Storage24

His is a career S&A has been following for a while now; and the recently-revealed poster for the U.S. release of Noel Clarke's sci-fi drama Storage 24 says a lot about the direction in which it's headed.

For readers unfamiliar with the project, here's what to expect:

London is in chaos. A military cargo plane has crashed leaving its highly classified contents strewn across the city. Completely unaware London is in lockdown, Charlie and Shelley accompanied by best friends Mark and Nikki are at Storage 24 dividing up their possessions after a recent break up. Suddenly, the power goes off. Trapped in a dark maze of endless corridors, a mystery predator is hunting them one by one. In a place designed to keep things in, how do you get out?

Clarke plays the role of Charlie. Rounding out the starring cast are Antonia Campbell-Hughes as Shelley, Colin O'Donoghue as Mark, and Laura Haddock as Nikki.

Storage 24, also co-written by Clarke, and acquired by Magnet Releasing this past fall, is scheduled to be released in the U.S. in early January 2013.

(LEFT) U.S. poster for Noel Clarke's 'Storage 24'; (RIGHT) One of the original U.K./Europe versions of poster
(LEFT) U.S. poster for Noel Clarke's 'Storage 24'; (RIGHT) One of the original U.K./Europe versions of poster

While I'm very pleased to see it, still the first question that jumps into my mind when I see Noel Clarke, all by his lonesome on the above poster, is "How does a relatively-unknown black actor/filmmaker from the U.K.-- whose name isn't Idris Elba, Chiwetel Ejiofor, or David Oyelowo-- manage to get what equates to top billing in a film released in the U.S.?!!"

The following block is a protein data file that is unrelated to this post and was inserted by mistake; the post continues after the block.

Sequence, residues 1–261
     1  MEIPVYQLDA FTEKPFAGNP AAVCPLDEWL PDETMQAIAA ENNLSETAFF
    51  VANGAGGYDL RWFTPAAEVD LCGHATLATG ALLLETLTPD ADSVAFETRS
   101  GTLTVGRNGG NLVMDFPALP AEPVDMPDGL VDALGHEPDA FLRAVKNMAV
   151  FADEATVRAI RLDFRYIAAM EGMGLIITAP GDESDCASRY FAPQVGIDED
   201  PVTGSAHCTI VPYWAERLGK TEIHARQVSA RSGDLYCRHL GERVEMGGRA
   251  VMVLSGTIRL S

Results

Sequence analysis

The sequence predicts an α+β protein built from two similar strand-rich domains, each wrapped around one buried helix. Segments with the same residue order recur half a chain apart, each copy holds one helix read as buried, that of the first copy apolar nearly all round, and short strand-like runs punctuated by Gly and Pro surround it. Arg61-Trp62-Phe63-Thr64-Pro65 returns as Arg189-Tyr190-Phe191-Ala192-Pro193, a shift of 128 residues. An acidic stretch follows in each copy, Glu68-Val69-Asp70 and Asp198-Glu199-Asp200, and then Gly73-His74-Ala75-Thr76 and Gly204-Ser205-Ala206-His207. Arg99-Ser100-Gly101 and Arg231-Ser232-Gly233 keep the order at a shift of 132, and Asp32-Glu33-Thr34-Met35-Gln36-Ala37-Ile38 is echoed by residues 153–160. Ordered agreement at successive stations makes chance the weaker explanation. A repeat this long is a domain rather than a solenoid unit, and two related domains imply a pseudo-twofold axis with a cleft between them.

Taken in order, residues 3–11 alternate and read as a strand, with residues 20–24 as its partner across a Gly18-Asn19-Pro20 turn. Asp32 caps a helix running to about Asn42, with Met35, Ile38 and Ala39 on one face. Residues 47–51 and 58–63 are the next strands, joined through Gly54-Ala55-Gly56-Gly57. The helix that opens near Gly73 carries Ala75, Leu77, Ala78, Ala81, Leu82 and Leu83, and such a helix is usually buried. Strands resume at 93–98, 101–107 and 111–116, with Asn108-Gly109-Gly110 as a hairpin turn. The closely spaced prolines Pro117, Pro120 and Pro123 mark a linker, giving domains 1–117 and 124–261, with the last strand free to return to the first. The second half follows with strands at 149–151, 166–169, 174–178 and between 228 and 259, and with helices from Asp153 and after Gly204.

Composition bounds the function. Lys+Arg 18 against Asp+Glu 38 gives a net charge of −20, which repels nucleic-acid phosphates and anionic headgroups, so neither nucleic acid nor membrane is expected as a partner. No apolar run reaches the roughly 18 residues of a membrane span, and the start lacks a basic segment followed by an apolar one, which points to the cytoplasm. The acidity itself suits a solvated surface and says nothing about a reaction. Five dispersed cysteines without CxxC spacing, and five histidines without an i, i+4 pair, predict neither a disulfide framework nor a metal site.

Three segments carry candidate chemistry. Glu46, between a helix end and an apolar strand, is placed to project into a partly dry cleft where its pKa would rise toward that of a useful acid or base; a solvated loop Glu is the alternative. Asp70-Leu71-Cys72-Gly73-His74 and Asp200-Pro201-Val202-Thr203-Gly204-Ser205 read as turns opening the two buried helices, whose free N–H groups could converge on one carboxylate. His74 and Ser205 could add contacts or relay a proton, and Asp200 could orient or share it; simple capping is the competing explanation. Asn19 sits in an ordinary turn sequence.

In my opinion, what it says about Clarke is that all of his hard work-- to include the release of several other films this year alone (Fast Girls, The Knot)-- is starting to pay dividends.  And let's not forget that Clarke will also co-star in next year's highly-anticipated sequel Star Trek: Into Darkness.

It also speaks volumes about the faith of the film's backers in his ability to sell the film to U.S. audiences.

And before the usual detractors read this and lament, "Here they go again.  The black Brits are stealing our jobs!", let's remember that this is the type of progress we hope for.  Regardless of where Clarke is from, his progress, and subsequent success, is worthy of recognition.

Whether it truly means anything now, or leads to anything more for Clarke or his peers in the future, is yet to be seen.  But let's take a moment to acknowledge that the man is currently making major moves that many of us didn't see coming.